“Kiddie locks that you can get on bins and add on cupboards are really good at keeping pets out too,” says Sally, “pets can be pretty good at opening cupboards and things like that, especially if there’s a reward on the other side.”
Carefully store all food – including your pet’s food – in sealed containers and out of the way on high shelves or locked cupboards where possible. Medication, whether for pets or for humans, should also be kept securely.
Sally adds that holidays like Easter and Christmas can be “more fun for the dog than the small humans.”
“It’s not uncommon for chocolate to be wrapped up as a gift at Christmas time and then that’s put under the tree. It doesn’t take long for the dog to sniff that out.”
Keep your eyes peeled: preventing pets from eating things they shouldn’t
“Always presume the worst when there are pets around! They’re always going to eat it until proven otherwise. It’s about being careful and not leaving anything within access,” says Sally.
Pets eating things they shouldn’t is also a problem outside of the home. If your pet is a known greedy gut, it might be safer to keep your cat indoors or to consider putting a basket muzzle on your dog when taking them for a walk. Sometimes, you might need to think outside of the box to prevent your pet from eating things they shouldn’t.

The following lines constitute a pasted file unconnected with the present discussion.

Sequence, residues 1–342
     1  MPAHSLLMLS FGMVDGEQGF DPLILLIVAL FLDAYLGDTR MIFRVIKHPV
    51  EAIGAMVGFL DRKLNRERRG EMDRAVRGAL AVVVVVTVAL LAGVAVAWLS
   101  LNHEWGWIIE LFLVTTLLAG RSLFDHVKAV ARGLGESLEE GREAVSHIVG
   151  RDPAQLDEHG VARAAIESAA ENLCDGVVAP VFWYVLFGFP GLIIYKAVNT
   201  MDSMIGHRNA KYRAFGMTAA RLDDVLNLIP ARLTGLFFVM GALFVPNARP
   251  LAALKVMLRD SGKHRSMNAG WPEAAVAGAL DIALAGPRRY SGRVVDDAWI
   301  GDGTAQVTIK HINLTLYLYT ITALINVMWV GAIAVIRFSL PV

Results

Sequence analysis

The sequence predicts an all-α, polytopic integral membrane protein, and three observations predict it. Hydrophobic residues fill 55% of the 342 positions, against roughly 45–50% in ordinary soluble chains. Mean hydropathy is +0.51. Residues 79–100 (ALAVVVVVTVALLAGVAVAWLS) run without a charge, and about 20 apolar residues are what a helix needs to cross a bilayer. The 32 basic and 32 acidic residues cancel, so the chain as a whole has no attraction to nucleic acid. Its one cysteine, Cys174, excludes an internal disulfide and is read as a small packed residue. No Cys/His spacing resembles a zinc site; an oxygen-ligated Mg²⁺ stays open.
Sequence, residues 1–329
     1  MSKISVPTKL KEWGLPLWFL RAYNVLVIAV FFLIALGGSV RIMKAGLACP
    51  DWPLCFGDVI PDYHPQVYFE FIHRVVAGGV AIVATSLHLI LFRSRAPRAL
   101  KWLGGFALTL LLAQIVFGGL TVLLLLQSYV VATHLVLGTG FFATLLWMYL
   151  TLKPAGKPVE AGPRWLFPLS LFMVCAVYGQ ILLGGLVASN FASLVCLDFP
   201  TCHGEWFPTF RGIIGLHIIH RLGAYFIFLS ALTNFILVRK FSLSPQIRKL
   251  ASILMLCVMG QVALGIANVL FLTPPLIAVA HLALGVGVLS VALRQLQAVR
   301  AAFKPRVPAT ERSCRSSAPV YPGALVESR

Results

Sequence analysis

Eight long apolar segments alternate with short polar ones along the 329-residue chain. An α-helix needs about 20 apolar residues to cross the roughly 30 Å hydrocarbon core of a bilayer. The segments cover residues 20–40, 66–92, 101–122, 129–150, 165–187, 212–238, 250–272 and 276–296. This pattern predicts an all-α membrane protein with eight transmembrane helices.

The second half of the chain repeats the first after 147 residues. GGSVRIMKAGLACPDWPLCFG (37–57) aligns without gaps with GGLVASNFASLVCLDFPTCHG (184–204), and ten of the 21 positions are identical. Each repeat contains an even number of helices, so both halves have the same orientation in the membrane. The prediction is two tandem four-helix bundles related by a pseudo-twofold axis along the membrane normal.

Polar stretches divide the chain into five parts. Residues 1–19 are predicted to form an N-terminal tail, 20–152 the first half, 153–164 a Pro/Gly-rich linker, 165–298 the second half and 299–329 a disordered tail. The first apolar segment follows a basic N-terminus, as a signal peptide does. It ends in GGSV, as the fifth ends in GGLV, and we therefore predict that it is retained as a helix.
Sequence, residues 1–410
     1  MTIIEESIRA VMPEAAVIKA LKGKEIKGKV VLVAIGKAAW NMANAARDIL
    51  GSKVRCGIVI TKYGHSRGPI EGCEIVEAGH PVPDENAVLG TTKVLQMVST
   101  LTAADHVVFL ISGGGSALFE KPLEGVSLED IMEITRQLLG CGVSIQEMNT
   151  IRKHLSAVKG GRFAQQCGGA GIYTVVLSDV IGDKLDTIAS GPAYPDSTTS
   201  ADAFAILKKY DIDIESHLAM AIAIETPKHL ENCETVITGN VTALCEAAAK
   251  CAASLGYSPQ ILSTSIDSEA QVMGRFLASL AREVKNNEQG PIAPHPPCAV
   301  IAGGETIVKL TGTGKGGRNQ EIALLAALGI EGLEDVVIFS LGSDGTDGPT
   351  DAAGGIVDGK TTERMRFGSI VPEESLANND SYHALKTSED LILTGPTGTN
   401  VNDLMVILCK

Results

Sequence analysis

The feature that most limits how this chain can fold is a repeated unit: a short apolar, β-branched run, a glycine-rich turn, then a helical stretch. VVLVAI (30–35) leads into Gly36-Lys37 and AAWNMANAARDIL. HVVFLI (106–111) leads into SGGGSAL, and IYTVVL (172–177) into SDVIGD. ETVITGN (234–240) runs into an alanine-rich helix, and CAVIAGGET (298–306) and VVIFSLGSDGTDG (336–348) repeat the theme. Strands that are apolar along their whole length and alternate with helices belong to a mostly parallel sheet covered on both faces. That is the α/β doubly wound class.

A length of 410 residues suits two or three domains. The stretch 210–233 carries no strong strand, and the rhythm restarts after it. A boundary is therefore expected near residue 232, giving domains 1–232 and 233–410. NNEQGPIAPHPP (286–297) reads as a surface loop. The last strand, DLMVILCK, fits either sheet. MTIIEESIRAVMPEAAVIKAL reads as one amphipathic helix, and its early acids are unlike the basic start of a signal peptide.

Sally gives the example of mouldy bread left for ducks in the park being a problem for some pets who just can’t help themselves.
“If you have a wilful dog who continually manages to get to things when you’re out for a walk, you could put a loose basket muzzle on them just so they can’t pick things up as easily. It’s not something I’d advocate for every dog, but if used correctly, it can be quite helpful.”
Remember, if you think your pet has eaten something they shouldn’t have and are showing signs of illness or distress, contact your veterinarian immediately.
1 Dog Training Nation, My dog steals food from children, Fanna Easter, accessed April 2023, https://www.dogtrainingnation.com/dog-behavior-2/how-to-keep-dog-from-stealing-food/
2 Dr Alex Hynes, Can eating mouldy food harm my pet?, accessed April 2023, https://dralexhynes.com.au/can-eating-mouldy-food-harm-my-pet/